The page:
Churn Rate: Best Success Metric of any feature

I believe the most important success metric of any feature is churn rate, not the number of active users.

Let’s say Instagram introduces a new feature. It doesn’t matter if a billion users give it a shot after launch – if 90% of them end up churning after the first month, there’s a problem.

On the other hand, if only a couple thousand people try it out and less than 10% churn – that means the company has built something sticky and valuable.

There’s another reason why tracking churn is important.

High churn doesn’t always mean unnecessary feature, maybe users simply forgot about it. For example, the ‘Availability’ feature in LinkedIn messaging.

Last night, I was scheduling a call with a PM. I exited LinkedIn, opened GCal, found few available time slots and messaged him.

Then to send him a screenshot, I hit the Add icon. This is when I found the ‘Availability’ feature – which directly connects with your local calendar app, allows you to choose time slots and quickly send them in a detailed format.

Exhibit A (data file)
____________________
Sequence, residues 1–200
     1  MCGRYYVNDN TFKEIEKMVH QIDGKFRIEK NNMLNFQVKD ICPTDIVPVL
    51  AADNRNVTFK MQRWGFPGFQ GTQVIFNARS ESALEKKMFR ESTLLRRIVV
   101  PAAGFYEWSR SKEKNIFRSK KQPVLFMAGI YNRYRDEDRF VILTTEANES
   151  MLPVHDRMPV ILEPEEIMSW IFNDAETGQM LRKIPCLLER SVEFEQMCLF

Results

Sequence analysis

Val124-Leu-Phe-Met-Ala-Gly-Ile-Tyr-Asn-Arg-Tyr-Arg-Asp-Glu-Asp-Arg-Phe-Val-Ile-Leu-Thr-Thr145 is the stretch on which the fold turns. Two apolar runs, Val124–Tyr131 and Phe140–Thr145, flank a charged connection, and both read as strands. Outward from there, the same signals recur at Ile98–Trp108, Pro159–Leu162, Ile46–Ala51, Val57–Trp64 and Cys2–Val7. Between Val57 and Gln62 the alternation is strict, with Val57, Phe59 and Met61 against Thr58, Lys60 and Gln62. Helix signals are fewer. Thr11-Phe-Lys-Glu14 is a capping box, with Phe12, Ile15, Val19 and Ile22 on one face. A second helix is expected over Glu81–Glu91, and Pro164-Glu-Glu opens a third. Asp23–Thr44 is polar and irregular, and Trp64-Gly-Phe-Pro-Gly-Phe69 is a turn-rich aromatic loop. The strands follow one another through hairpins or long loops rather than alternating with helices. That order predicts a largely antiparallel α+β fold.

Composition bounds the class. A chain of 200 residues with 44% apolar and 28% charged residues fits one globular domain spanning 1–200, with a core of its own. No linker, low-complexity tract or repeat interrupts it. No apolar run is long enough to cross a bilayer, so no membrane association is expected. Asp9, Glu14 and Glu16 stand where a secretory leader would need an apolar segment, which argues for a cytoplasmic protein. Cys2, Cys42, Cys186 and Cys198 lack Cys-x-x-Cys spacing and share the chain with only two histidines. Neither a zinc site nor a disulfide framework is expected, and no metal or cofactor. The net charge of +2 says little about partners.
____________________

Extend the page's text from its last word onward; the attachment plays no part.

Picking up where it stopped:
I was shocked. I remember finding it super valuable when it first launched. But then I totally forgot about it.

I’m guessing this feature has a high churn rate. But that doesn’t mean it is unnecessary. I just forgot about it.

How can LinkedIn reduce churn rate of this feature?

One solution is to leverage NLP (Natural Language Processing) to notify users of the ‘Availability’ feature whenever they find words like ‘available times’ or ‘schedule call’ in the chat.

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